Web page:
Last Sunday, the first year undergraduates of Trinity Theological College visited City Harvest Church (CHC) as part of the Field Education program. After the service, there was a dialog session with the church's leadership to understand more about the church's operation, missions, challenges, etc.
Ps. Kong Hee preached in that morning. That was probably the fourth or fifth time I heard him preaching. The first time was in 2002 when I attended a conference at Kuala Lumpur, where he was one of the invited speakers. When I came to Singapore, CHC was one of the first church that I visited. So there was not much surprises or unfamiliarities to be encountered.
Before the sermon, there was a presentation of the works that CHC is currently doing overseas in India and Sri Lanka. One of their project is to build a school in a rural area to educate the children. We are told that these works are part of CHC's carrying out the 'Cultural Mandate'. In the middle of the presentation, Ps. Kong asked the congregation to say to those sitting besides us, "Knowledge is power." So I turned to my neighbor waiting to hear the Foucaultian aphorism. My neighbor said it. Then I replied, "Christ is power."
Ps. Kong preached on the meaning of each of the five smooth stones that David picked to fight the Goliath. They were the stone of 'past', 'prayer', 'passion', 'persistent', and one more which I have forgotten. The sermon reminds me of exegetical method applied by the Alexandrian school in the first few centuries.
After the service, we were invited to one of the conference room for a dialog session. The host was Rev. Wu Yu Zhuang (a.k.a Goh Yock Tuan, Mark). He welcomed us as students from, "Trinity Bible Seminary."
One classmate curiously asked Rev. Wu what is his own thoughts of Ps. Kong?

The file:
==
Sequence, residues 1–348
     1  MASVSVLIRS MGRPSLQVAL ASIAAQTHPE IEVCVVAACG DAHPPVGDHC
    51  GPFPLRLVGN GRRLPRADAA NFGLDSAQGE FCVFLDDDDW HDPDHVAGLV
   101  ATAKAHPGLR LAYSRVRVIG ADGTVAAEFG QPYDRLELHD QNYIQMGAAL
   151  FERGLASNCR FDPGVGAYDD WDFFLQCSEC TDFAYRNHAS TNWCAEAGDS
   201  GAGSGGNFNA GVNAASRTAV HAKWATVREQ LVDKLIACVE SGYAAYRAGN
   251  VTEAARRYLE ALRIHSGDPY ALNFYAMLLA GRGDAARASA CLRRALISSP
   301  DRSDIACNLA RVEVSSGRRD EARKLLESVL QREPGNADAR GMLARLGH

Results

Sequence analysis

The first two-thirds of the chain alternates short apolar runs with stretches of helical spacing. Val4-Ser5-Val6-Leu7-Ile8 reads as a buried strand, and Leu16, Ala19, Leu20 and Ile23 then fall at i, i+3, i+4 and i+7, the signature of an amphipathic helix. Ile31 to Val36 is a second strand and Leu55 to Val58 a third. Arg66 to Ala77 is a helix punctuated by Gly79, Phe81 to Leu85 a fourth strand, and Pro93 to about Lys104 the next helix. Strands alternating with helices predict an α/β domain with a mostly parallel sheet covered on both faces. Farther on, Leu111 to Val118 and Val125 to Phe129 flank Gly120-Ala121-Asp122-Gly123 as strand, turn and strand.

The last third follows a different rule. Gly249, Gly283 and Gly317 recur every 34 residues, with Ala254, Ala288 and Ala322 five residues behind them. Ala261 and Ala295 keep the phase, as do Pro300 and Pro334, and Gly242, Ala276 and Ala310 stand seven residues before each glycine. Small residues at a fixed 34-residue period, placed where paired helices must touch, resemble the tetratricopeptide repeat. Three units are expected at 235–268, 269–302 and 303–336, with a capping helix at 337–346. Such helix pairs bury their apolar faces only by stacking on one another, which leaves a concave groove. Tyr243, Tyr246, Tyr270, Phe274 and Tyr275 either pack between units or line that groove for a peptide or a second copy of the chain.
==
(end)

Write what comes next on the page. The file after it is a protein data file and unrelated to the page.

Rev. Wu replied, "To me, Ps. Kong is an apostle."
"What!? Do you mean an apostle like those who have seen Christ?" sought the classmate.
"I do not want to go into a theological discussion over this, but Ps. Kong's work as a missionary and pastor is like an apostle," answered Rev. Wu.
Then another classmate inquired how does CHC ordains someone to the pastorate. Rev. Wu explained that there are two different levels in the pastorate. One is a 'pastor' and the other higher level is a 'reverend'. Those who are ordained to the pastorate will be given a 'pastor license'.
Following the question,"Then what are the requirements for someone to be ordained in CHC?"
"Theological education is not compulsory for ordination. Ordination is based on the evaluation of the person's performance in the church's work and his/her spiritual life. We emphasize on 'relationship'," Rev. Wu clarified.
"Who carry out the evaluation?"
"Ps. Kong and the church's board," affirmed Rev. Wu. (Earlier on, Rev. Wu also remarked that the church's board consists of those who are also the disciples of Ps. Kong.).
When my turn came, I asked, "Since the distinctiveness of CHC is to be relevant to culture, and Ps. Kong said that the church is committed to the 'Cultural Mandate', what then is CHC's understanding of the 'Cultural Mandate'? And how does the church measure 'relevance'? Is it by the church's attendance alone, for eg. the more people who attend the church, that means the church is being culturally relevant?"
Rev. Wu replied that CHC is being relevant to culture by the casual clothes the pastors wear, the persona style they adopt, the contemporary worship songs CHC uses for church's service.
I have no doubt that the pastors and church workers wear nice clothes. Yet those are not street casuals. More like pop culture sort of celebrity attires. So to put it simply, CHC takes that being relevant to the pop culture (a.k.a MTV culture) is by make-ups and dress-ups.
At least I was glad to hear that CHC acknowledges and recognizes Trinity Theological College's credential as a theological educational institution.